Bunyan Velo is full of the escapist weirdo stuff that I find motivating, they could get up to tenner a time off me for a fair qty of that sort of content. Quarterly, good volume, loads of imagery. But as an e-reader I generally CBA with doing more than looking at the trip pics briefly.
TBH though it just saved me £4 a month so i wasn’t too fussed, same with Dirt really. My issue comes from the idea we should pay for some form of subscription in order to read articles
Digital Sub is only £25 – so about £2 a month for full website access, plus 8 digital mag issues, Premier card and discounts, and an archive of all previous mags and books.
Seems pretty reasonable to me to be honest.Posted 5 years agojekkylMember
I too would like to see more articles for the common average earning man BUT stw isn’t that kind of mag, I see it as an aspirational mtb mag. I also flick through it in smiths and buy it if there’s enough in it to interest me. Whenever I see reviews of kit priced upwards of £200 I switch off. I’d like to see articles aimed at the everyday british MTBer. Things I’d like to see:
.best chinese light from ebay under 30 quid. I’m not gonna buy one of these 200 quid jobbies, I bought 2 cree lights from ebay and they’re great. Or how about ‘the best way to cable tie a cheapo light to your helmet’ I can see why they include reviews of the expensive kit though, it’s so they can encourage the makers to take out the advert on the opposite/next page. Fair enough the mag is a business and has to make profit but high end kit just doesn’t interest me.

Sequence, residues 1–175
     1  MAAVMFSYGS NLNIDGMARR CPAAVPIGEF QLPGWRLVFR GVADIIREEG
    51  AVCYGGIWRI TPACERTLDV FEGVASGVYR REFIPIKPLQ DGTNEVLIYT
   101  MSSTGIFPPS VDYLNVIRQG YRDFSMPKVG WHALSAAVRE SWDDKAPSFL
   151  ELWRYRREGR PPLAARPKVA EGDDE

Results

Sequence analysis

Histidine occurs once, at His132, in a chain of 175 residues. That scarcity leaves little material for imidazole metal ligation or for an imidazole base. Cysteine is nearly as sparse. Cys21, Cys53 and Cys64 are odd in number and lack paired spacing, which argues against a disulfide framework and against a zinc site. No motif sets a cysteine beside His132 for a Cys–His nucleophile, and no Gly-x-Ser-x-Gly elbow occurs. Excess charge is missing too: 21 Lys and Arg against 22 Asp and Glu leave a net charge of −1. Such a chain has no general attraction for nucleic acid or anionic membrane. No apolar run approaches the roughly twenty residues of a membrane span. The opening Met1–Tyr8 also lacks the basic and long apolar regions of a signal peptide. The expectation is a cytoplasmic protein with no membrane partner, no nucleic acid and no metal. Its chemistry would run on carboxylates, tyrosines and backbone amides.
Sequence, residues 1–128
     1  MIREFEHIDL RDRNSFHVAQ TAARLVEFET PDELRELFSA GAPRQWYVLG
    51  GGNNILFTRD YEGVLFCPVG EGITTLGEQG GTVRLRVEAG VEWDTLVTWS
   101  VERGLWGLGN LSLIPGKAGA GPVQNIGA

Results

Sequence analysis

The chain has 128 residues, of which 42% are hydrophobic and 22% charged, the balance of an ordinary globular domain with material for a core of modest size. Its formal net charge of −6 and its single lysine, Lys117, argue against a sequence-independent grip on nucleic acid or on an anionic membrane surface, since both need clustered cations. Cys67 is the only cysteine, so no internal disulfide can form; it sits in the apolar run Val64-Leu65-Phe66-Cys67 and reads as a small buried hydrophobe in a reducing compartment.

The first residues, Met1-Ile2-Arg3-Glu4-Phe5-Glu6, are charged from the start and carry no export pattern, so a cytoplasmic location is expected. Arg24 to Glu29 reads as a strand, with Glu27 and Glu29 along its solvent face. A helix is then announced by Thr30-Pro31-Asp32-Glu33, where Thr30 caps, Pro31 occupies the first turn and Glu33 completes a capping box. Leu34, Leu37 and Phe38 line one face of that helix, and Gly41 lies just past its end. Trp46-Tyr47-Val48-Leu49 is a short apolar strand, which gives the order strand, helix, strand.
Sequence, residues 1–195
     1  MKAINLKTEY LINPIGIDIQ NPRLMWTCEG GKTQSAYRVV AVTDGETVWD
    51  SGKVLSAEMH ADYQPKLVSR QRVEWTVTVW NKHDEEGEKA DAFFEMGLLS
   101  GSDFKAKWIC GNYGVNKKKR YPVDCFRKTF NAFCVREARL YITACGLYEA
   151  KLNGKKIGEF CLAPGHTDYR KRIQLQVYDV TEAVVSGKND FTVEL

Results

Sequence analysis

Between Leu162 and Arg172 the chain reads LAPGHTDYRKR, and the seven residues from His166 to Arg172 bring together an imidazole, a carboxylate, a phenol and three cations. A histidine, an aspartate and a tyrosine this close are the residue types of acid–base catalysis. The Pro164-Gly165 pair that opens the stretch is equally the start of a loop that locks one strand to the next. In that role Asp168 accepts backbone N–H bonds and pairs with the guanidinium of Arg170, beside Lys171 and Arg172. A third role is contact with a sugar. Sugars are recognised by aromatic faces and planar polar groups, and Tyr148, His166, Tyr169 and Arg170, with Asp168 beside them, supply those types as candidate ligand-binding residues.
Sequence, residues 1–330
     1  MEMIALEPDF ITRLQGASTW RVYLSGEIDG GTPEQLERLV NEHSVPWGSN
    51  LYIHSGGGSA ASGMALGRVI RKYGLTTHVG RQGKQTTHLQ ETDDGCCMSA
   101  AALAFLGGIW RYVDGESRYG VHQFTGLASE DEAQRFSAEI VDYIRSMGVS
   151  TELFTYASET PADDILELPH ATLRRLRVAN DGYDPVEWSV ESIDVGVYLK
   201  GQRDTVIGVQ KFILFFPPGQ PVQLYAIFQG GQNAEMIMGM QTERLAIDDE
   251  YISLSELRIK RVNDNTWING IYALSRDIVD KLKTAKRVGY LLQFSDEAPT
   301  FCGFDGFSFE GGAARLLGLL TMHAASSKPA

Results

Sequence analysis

.Best pedals under 60 quid
.Best helmet under £100
.Best mech under £100
.Loads of route and ride reports – I’m out every week on 2 wheels and info on routes is the single most useful/interesting aspect of any mag I buy. If there was a mag that did maps and report of 5/6 routes every month then I’d buy that all the time. How about a section entitled ‘local rides’ where a local from a differnt place every time explains and shows off his/her favourite local ride. Can I do the first one? It isn’t all about the riding in iceland on glaciers!
anyway.. meh.Posted 5 years agohatchleaderMember
hatchleader – you think that all website content should be provided free, or you don’t think the standard makes it worth paying for?
Bit of both- these sites have adverts down the side for a reason. Why do i have to pay for articles i will only read a few of when i can get better quality journalism elsewhere for free.
Then you are not the demographic that ST is aiming at.
When you’ve spent £4k on the Orange and £40k on the Audi, a £40 annual subscription is pocket change.
Its down to a question of value. by that note you would say that a £40 sandwich is pocket change! A £40 subscription is a lot of money when theres nothing your interested in reading!Posted 5 years agomolgripsSubscriber
I don’t want to see ‘best X under £Y’. I don’t want to read about shopping for bike parts.
I would rather read about riding and interesting stuff, which is why I’d read STW over most mags. It can be a bit up itself occasionally but that’s better than endless bike roundups. There are other shopping based mags for that.Posted 5 years ago